Written by Landyn Imagawa, member of the SDG Mapping Team at BCCIC
Get ready for some acronyms – over the last several months, the British Columbia Council for International Co-operation (BCCIC) has been working on creating an interactive map which highlights Non-Governmental Organizations (NGOs) and Nonprofit Organizations (NPOs) across Canada who are working towards the Sustainable Development Goals (SDGs).
Building off of the momentum of the Invisible Mosaic report and civil society engagement across BC, the objective of this map is to bring attention to organizations already working towards the SDGs with the goal of fostering and facilitating greater collaboration between individuals, NGOs, and governmental bodies. This map is something that has never been done before, and our goal is for it to change the way we interact with NGOs. We hope that eventually, this map will broaden to include NGOs worldwide that are working towards the SDGs.
Mapping NGOs working towards the SDGs seems pretty straightforward right? As we have been classifying organizations, we’ve run into the issue of what to include and what not to include. For example, an NGO working on facilitating the integration process of new immigrants to Canada goes on the map, but does a local community center also go on the map? An NGO that builds schools in Uganda goes on the map but what if it’s a religious organization?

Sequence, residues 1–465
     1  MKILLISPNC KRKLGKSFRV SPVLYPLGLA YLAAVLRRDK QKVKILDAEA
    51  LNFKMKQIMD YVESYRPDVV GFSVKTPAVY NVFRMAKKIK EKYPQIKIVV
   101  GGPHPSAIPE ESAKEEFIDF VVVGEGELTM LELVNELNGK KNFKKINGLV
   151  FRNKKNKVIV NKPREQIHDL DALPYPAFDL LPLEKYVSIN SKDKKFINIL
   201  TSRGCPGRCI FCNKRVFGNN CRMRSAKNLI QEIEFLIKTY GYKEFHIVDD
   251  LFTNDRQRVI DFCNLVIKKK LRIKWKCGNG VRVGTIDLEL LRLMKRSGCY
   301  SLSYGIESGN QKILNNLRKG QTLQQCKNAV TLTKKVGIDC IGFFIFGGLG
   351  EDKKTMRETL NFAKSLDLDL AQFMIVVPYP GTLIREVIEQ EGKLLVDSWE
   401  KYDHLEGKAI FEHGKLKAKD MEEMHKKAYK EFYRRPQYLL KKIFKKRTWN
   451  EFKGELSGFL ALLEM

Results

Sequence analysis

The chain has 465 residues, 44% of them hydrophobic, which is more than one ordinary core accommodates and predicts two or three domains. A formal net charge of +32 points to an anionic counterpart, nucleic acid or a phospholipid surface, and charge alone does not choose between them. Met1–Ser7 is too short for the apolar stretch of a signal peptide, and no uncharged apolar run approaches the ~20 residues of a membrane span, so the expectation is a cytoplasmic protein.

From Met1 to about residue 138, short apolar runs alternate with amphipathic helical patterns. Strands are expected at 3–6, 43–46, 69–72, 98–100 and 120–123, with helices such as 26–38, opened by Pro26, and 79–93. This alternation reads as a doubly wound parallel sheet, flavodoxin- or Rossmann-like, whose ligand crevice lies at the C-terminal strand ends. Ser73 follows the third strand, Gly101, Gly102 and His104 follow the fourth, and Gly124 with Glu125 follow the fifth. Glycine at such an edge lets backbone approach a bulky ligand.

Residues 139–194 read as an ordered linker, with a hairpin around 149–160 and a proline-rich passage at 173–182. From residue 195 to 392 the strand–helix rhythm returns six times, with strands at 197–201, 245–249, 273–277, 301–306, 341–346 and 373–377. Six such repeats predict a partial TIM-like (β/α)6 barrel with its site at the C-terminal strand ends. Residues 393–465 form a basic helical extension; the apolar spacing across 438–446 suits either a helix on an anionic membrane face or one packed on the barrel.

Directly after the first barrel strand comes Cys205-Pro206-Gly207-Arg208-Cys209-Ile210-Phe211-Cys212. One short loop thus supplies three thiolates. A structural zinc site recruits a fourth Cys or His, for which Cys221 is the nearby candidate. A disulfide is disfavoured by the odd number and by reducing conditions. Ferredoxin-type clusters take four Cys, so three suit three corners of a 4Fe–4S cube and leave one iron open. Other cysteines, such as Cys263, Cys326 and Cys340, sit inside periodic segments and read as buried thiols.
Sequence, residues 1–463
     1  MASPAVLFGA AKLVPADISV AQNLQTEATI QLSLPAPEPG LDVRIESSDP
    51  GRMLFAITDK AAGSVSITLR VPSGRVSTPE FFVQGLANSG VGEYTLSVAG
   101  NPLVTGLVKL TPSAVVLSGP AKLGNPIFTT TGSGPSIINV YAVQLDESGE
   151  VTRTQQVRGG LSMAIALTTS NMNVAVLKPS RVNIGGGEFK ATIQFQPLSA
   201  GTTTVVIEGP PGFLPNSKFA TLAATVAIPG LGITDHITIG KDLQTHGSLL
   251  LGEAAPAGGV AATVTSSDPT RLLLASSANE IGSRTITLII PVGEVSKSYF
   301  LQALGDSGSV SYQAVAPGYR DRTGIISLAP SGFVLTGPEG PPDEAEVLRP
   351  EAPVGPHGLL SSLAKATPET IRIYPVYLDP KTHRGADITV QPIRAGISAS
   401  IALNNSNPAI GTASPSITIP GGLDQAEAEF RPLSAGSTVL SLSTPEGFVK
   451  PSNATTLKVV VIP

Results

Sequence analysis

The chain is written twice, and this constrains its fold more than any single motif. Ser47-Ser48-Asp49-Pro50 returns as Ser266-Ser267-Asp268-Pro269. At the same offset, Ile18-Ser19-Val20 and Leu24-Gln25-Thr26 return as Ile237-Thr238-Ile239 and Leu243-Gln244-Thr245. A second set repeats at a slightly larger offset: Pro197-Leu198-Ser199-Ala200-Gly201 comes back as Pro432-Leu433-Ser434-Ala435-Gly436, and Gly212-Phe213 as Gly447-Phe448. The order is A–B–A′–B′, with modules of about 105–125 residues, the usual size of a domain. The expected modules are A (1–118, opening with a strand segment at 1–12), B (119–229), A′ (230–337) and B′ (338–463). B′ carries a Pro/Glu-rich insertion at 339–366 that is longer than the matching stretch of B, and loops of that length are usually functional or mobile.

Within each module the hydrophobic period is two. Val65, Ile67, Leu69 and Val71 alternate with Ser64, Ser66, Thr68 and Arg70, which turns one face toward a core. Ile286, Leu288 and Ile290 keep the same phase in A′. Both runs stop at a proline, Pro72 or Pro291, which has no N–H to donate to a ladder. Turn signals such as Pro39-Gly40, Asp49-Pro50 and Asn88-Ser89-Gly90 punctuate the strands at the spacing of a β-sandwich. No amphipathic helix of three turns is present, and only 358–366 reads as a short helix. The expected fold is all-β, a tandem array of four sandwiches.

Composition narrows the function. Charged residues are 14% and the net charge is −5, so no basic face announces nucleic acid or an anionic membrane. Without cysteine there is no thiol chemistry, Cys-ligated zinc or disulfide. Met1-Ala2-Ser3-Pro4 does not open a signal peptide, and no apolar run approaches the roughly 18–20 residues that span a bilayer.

A concept we have discussed in depth is ‘theory of change’. In short, a theory of change is the ‘why’ factor. For example, we can all agree that ending poverty is a good thing, but why? What is your own personal motivation behind wanting to end poverty. Each individual has their own ‘theory of change’. Some may want to end all poverty for moral reasons, others because they believe living under the poverty line holds people back from leading a full life, and others may want to end poverty for religious reasons. Just because someone has a different theory of change doesn’t mean their work is any less valid. While deciding if an NGO should go on the map or not, we try to keep in mind our personal theory of change. This allows us to be more aware of any biases we may have, which could affect the way we evaluate the change an organization is making in the world.
One of the major benefits of working on the map has been becoming familiar with NGOs across Canada. I have been able to see areas in which there are an abundance of NGOs working towards one target and areas where there are only a few NGOs working towards another. For example, from working on the map, I have found that there are a significant amount of organizations working towards Goals 1 through 5, encompassing no poverty, zero hunger, good health and well-being, quality education, and gender equality. I have also found that there are fewer organizations working towards goals such as Goal 13, climate action and Goal 14, life below water. As a country with such a large land mass, more attention should be placed on environmental issues. Canada should act as a global leader in climate action. This map will hopefully make gaps like these visible for everyone so that we can begin to fill these needs.
Moving forward, I’m excited to continue working on this project. This is our final push as our official launch date is set for mid April. We are so excited to see the impact this map will have!
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